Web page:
Published Friday, 04 July 2014
The latest videos showing a car being driven recklessly were published online on Thursday, with a description referring to the 'Divis Hoods' - the name used by a gang of youths in the area.
A group of young men can be seen watching from the pavement and some are recording the events on their phones as the vehicle in question veers dangerously close to them.
And, in a separate video, a taxi has to pull onto the pavement to avoid the high speed stunts.
Reacting to the latest footage, Tommy Holland from Families Bereaved Through Car Crime has asked those involved to think of the consequences.
"You actually see a father wheeling his baby in a pram, having to pull the pram back from the edge," he said.
"It's seconds away from this 'joyrider' turning into a death-driver.
"Somewhere a family is going to be devastated, somewhere a family is going to be heartbroken, and somewhere a family is going to be visiting those involved in this in jail."
Mr Holland has warned those who may think the activity is "fun" that anyone could become a victim of this type of crime.
"Look at their mothers and fathers, their grandparents, sisters and brothers - it could be one of them out there killed. How would they feel if a member of their closest family, if they were killed?" he added.
They are no sooner arrested than they are seen back on the streets. This needs to stop and judges need to take a harder line before someone is killed.
Joyriding has been an ongoing problem in west Belfast and dozens of videos of rampaging drivers have been posted online.
Outrage was sparked in January when it emerged that hundreds of people had attended an illegal street race in the area on New Year's Eve.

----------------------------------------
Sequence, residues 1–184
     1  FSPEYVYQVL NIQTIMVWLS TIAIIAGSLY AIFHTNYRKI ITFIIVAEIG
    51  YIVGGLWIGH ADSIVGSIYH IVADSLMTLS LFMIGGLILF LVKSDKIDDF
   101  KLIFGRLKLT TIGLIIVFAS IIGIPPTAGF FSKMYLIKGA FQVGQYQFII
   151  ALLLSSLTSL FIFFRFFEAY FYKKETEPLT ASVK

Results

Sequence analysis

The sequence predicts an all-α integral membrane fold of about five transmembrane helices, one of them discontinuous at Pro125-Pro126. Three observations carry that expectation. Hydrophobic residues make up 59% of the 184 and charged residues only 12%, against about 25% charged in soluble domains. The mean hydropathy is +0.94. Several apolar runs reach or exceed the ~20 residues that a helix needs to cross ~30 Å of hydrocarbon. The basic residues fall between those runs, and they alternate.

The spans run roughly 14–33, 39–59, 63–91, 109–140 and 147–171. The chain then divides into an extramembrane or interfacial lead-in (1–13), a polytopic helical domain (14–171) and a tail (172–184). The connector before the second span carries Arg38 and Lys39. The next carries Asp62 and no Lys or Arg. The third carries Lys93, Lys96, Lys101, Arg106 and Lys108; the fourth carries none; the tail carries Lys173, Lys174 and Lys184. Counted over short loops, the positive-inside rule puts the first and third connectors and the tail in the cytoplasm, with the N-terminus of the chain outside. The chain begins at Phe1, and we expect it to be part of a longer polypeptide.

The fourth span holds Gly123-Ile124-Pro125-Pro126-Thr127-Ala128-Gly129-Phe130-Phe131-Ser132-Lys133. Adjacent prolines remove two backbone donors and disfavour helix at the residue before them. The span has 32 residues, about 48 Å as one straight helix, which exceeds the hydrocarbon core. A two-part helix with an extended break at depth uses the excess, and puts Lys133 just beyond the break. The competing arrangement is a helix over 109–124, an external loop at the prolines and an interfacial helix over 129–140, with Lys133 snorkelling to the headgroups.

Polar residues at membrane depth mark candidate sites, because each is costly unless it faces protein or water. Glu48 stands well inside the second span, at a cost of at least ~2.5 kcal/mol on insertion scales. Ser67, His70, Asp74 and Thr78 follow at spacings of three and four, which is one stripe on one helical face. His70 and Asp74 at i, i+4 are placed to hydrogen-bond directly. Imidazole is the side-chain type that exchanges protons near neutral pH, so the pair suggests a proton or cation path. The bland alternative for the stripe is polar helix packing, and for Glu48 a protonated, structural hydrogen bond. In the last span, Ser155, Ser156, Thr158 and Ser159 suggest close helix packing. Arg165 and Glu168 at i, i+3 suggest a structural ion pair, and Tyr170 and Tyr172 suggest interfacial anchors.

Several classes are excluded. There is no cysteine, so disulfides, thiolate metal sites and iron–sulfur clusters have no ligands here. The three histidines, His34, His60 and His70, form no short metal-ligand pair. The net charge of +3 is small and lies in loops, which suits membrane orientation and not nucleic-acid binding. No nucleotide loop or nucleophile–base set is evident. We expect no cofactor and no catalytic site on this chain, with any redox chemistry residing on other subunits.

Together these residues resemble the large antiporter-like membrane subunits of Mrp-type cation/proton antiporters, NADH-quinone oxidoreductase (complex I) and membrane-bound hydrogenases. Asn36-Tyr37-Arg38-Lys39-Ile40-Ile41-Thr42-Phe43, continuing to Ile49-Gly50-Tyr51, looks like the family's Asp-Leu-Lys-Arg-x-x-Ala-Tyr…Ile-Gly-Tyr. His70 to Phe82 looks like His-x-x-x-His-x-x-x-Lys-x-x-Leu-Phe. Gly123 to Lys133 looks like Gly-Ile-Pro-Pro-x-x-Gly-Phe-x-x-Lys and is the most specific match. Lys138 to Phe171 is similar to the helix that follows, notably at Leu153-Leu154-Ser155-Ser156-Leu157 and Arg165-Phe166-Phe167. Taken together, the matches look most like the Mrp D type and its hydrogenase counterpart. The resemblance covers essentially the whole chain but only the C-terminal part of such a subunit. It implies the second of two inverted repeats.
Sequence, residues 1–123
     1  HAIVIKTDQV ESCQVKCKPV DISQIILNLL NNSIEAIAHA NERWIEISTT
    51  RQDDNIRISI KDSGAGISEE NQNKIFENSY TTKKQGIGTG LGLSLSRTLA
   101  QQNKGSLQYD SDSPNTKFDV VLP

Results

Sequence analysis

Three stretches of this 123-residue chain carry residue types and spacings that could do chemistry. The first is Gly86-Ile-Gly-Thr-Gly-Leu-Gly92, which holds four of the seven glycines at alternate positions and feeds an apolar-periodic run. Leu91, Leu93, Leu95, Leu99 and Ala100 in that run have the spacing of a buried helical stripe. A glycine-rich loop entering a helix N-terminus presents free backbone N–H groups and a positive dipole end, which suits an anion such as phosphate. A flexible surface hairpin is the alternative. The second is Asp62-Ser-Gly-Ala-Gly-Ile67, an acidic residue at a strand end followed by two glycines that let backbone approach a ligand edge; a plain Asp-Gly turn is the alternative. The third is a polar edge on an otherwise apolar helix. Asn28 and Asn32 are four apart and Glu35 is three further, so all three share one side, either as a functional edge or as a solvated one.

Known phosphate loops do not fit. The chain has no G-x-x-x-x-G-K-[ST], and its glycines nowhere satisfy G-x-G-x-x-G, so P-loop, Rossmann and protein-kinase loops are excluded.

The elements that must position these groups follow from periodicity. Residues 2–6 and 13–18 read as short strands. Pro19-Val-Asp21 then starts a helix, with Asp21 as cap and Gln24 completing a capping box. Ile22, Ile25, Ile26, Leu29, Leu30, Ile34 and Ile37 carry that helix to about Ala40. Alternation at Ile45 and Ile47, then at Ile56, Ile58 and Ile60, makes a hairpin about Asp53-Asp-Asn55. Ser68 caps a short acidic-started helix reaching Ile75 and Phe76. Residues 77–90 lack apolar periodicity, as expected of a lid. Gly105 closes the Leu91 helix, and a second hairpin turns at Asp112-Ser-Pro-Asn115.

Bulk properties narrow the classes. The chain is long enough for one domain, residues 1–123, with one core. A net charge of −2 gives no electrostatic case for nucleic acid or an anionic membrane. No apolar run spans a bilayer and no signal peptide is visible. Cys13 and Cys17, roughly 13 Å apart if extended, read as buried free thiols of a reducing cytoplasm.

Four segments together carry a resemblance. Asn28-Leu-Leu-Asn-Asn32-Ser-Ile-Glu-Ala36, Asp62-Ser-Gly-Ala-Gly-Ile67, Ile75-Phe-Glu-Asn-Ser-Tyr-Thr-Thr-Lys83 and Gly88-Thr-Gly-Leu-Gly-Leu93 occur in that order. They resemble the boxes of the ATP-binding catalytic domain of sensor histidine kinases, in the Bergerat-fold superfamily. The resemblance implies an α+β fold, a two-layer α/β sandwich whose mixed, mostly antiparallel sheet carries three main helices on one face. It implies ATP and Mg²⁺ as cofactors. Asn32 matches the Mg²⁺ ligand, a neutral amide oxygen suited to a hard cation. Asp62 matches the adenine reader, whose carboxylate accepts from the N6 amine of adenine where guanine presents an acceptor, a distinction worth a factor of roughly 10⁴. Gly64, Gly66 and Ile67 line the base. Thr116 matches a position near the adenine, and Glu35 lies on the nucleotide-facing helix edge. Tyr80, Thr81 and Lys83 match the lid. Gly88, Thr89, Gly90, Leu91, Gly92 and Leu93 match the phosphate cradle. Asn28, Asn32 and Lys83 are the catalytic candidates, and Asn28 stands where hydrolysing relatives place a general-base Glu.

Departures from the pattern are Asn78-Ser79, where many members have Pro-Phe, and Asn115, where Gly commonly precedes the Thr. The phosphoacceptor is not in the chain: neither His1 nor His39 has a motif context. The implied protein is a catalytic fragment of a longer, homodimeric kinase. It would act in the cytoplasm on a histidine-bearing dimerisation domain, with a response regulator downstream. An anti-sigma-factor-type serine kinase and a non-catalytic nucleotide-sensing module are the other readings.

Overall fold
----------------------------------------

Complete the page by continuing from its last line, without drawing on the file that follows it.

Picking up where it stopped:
Police and community leaders are working to tackle the problem, but Mr Holland thinks the culprits are not being punished appropriately.
"There needs to be a hard response to this, a much quicker and robust response. The auto-crime team are doing their best, they are out there trying to apprehend and make sure that these people who are consistently involved in car crime are taken off the streets," he said.
But he described the courts system as a "revolving door of justice".
Police have said they are "committed to making the streets of west Belfast a safer place to live" and are effectively tackling car crime.
Since January, PSNI figures show downward trends in criminal damage to vehicles, theft and recovered vehicles in the area.
"This should provide reassurance the PSNI are committed to giving the people of the area the policing service they expect, however we would also highlight the need for ongoing assistance from the community by reporting any incidents of anti-social behaviour and criminal activity to their local PSNI station," a PSNI spokesperson said.
Police have said anyone with concerns should contact police at Grosvenor Road station on 0845 600 8000 or email their local Neighbourhood Policing Team.
© UTV News